Review: Frédéric Malle Portrait of A Lady — 4.5 points

Named after the 1881 novel ‘The Portrait of A Lady’ by author Henry James, the perfume surely must have raised questions as to the association with the novel’s heroine, Isabel Archer. What would be the connection? What would this American heiress smell of? Would Portrait of A Lady (Frédéric Malle, 2010) smell of her? This left me pondering.

Considering the rigorous tenets of a proper Victorian lady, Isabel Archer would eschew the sensual oriental drama of Portrait of A Lady. Opulent perfumes were the embodiment of vulgarity and impropriety, regardless of the social standing of the person who wore it, however high the station. Even Queen Victoria, on her 1855 state visit to Paris, was overtly criticized by Le Messager des Modes for her choice of perfume that emitted a ‘distasteful hint of musk’, despite her irreproachable stature. Such strong fragrances were the opposite of ‘good taste’. Meanwhile, lavender, violet, and eaux de cologne would be more likely; their representation of discretion, modesty, and hygiene was never in doubt.

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Nicole Kidman in The Portrait of A Lady (1996). Feisty, is she not? I should think that this version of her likes this Frédéric Malle’s perfume very much.

Portrait of A Lady is as far from Victorian propriety as possible. It is a sweeping force of opulent rose set in an oriental frame. The moment I sprayed it, I decided that I could no longer be bothered to make the connection with Isabel Archer. All my thoughts before were swept away.

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Dollops of hot pepper act as a prelude to the oriental theme along with clove and cinnamon. Its glaring brightness makes a strong introductory statement. The hot cloves and cinnamon remain as a lasting bright accent throughout the development.

The rose of Portrait of A Lady is sublime. It has a honeyed, raspberry-confit facet that lends an opulent curve to the composition. This decadent jammy richness also tells plenty about the quality that goes into the juice. It lasts through to the dry down. Its dense and rich character blankets the dark oriental notes that begin to emerge.

Much of the oriental flair comes from patchouli, incense, and musk. The rich woody notes of patchouli are interspersed with strong resinous accents of incense. Its interplay is rounded by plenty of musks.  and creamy softness of sandalwood. A crisp ambery accent sets a warm sensual tone to this oriental recipe.

The oriental rose of Portrait of A Lady is not a novel idea, but the quality and peerless execution by perfumer Dominique Ropion give it character and performance that stand out. Sterling ingredients are used with such lavish hands that the resulting richness already marks the rose with a distinctive note. The spicy contrast also lasts until the finish. The pairing of an opulent, fruity rose with rich woods and incense create a dark, dramatic accord. It lasts for days, and can sometimes come back on laundered clothes. A single spray is highly recommended, and even then, one is certain to leave a trail. That being said, this is the kind of perfume to wear with confidence. Its mysterious whirlwind may turn heads and draw questions.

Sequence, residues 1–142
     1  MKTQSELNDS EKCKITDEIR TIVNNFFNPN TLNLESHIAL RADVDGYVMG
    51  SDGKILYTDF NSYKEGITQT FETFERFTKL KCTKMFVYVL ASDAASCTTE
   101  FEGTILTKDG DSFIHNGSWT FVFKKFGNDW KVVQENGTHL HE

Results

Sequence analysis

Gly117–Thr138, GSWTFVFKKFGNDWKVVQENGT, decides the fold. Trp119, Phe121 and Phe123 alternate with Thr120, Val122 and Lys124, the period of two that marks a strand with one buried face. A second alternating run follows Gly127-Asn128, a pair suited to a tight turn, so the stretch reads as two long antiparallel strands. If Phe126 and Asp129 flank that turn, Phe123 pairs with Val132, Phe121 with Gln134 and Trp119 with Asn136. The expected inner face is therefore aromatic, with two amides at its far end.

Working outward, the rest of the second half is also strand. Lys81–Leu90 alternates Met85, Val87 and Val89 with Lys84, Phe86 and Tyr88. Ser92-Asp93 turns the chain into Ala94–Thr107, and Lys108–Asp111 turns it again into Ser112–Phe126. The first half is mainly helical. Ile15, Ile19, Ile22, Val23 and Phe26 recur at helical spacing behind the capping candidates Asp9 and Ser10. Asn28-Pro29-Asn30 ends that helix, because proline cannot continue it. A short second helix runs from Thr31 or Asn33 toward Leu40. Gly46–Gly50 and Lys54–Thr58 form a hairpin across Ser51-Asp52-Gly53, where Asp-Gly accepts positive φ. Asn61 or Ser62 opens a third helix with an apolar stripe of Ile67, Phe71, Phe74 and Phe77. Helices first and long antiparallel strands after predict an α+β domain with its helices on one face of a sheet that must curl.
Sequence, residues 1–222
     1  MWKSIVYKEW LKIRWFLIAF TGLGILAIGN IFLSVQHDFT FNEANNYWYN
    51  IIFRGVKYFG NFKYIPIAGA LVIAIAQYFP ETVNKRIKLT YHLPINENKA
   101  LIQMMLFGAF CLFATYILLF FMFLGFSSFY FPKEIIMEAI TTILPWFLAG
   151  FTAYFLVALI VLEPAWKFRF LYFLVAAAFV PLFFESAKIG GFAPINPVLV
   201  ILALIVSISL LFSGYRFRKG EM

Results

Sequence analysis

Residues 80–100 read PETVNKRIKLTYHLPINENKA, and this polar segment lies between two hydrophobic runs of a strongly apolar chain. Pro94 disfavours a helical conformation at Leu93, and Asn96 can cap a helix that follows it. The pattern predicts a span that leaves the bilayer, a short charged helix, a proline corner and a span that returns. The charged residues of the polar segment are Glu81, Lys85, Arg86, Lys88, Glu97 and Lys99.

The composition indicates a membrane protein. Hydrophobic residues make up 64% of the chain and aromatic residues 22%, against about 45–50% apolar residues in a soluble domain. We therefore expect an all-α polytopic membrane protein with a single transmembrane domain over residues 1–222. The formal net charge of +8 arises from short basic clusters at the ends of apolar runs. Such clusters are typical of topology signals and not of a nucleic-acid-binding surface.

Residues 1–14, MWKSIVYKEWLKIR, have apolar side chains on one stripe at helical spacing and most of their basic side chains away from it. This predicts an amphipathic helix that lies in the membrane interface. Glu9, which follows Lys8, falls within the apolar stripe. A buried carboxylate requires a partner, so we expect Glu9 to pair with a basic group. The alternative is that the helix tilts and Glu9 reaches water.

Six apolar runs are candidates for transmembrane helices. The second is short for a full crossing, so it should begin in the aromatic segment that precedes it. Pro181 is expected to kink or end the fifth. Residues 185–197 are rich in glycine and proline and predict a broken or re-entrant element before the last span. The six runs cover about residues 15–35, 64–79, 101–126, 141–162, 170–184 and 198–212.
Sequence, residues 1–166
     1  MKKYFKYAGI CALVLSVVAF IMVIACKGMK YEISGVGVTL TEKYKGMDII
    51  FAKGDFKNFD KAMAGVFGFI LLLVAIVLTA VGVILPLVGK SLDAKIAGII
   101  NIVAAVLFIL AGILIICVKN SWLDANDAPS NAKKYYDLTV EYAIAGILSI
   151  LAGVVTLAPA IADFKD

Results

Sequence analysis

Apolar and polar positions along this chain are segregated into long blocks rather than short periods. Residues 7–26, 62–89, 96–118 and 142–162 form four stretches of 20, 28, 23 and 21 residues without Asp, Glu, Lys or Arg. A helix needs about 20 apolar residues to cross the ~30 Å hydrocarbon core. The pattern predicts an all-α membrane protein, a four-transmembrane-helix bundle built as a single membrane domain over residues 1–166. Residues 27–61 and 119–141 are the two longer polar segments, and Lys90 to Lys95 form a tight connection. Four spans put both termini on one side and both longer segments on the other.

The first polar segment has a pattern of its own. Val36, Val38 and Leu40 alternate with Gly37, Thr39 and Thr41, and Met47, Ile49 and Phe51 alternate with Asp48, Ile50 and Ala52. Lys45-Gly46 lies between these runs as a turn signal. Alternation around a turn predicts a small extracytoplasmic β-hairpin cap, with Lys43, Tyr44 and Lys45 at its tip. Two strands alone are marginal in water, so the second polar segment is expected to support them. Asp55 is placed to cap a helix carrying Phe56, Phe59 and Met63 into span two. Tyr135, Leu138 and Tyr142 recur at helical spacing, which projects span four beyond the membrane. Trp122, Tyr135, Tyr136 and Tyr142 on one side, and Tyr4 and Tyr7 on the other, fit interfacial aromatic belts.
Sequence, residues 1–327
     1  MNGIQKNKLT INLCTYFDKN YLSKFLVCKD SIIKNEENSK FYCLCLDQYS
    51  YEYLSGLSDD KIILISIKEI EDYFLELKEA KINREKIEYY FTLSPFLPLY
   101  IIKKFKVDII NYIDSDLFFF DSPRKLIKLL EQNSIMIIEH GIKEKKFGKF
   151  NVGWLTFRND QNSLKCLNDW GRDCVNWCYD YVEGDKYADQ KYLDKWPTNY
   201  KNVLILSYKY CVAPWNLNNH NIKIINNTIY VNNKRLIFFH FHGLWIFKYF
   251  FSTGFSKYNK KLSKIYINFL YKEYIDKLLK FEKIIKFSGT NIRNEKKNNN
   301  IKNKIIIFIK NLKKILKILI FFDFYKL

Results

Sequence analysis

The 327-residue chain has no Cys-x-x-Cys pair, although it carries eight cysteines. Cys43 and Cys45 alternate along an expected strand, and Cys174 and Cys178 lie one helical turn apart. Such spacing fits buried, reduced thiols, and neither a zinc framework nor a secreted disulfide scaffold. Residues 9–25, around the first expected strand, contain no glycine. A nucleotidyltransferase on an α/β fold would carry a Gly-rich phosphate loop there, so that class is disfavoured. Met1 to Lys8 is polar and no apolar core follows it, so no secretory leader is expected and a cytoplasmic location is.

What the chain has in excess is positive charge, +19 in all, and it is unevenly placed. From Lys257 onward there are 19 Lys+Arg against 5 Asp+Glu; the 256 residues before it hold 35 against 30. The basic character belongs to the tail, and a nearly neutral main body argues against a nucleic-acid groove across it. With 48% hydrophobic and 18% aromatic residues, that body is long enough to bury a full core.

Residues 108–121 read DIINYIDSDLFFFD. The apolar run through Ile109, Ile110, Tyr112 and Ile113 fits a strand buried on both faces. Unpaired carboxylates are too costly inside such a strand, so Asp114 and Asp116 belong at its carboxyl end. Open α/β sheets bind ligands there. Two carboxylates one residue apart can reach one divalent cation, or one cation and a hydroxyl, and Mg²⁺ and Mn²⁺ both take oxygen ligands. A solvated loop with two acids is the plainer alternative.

Sources: ocado.com, sundaytimes.co.uk, gearpatrol.org

  1. The Force of Fashion in Politics and Society: Global Perspectives from Early Modern to Contemporary Times, p. 97-113.
  2. Le miasme et la jonquille, p. 323
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3 thoughts on “Review: Frédéric Malle Portrait of A Lady — 4.5 points

  1. I’ve been browsing online more than 3 hours today, yet I never found any interesting article
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    Liked by 1 person

  2. I have a bottle of this a do adore it.It really is a giant shimmering kaleidoscopic oriental rose.It shares some similarities with Eau d’Italie’s Paestum Rose.They share a dark rose/incense/red berry note but head in different directions with POAL melding in the Patchouli Coeur and Paestum adding a prominent myrrh note.If you like POAL definitely give Paestum Rose a try.It has a dusky hushed somber quality which is quite beautiful.POAL has massive longevity on me which I believe is due to a massive slug of Ambrox.I hear it’s been reformulated so I’ll cherish the 60ml I have left.With only 1 or 2 sprays needed it should last me quite a while.I’ve also always thought this was an example of unfortunate naming as the “Lady” in the name might deter men from an otherwise fantastic unisex scent.I have Une Rose as well and they balance the rose spectrum quite nicely.The most intense voluptuous rose I’ve ever smelled is Abdul Samad al Qurashi’s Al Ta’if Rose Nakhb Al Arous. Absolutely miles beyond any rose scent I’ve ever smelled.Get your nose on that one if you can.I’m enjoying the reviews immensely and your English is spot on!

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    • Thank you, Rob.

      I once tried a few sprays before lunch and was complete smothered. I decided to get three of the 10 ml vials instead becaus it was really potent. Not sure about the reformulation, but I still think that the tester I smelled yesterday at the counter was very powerful. As for the name, I agree that men who are sensitive about masculine connotations will easily exclude POAL from their testing list, but then again how many perfume enthusiasts are bothered by such conventions?!

      I have not found Al Qurashi’s line here, but I think they are in the style of traditional perfume oils from the Middle-East? The rose must be like an absolute, then. And, you are right about Paestum Rose. I tried it yesterday and really liked the sweet myrrh-rose combination. I should think it appropriate for work than POAL.

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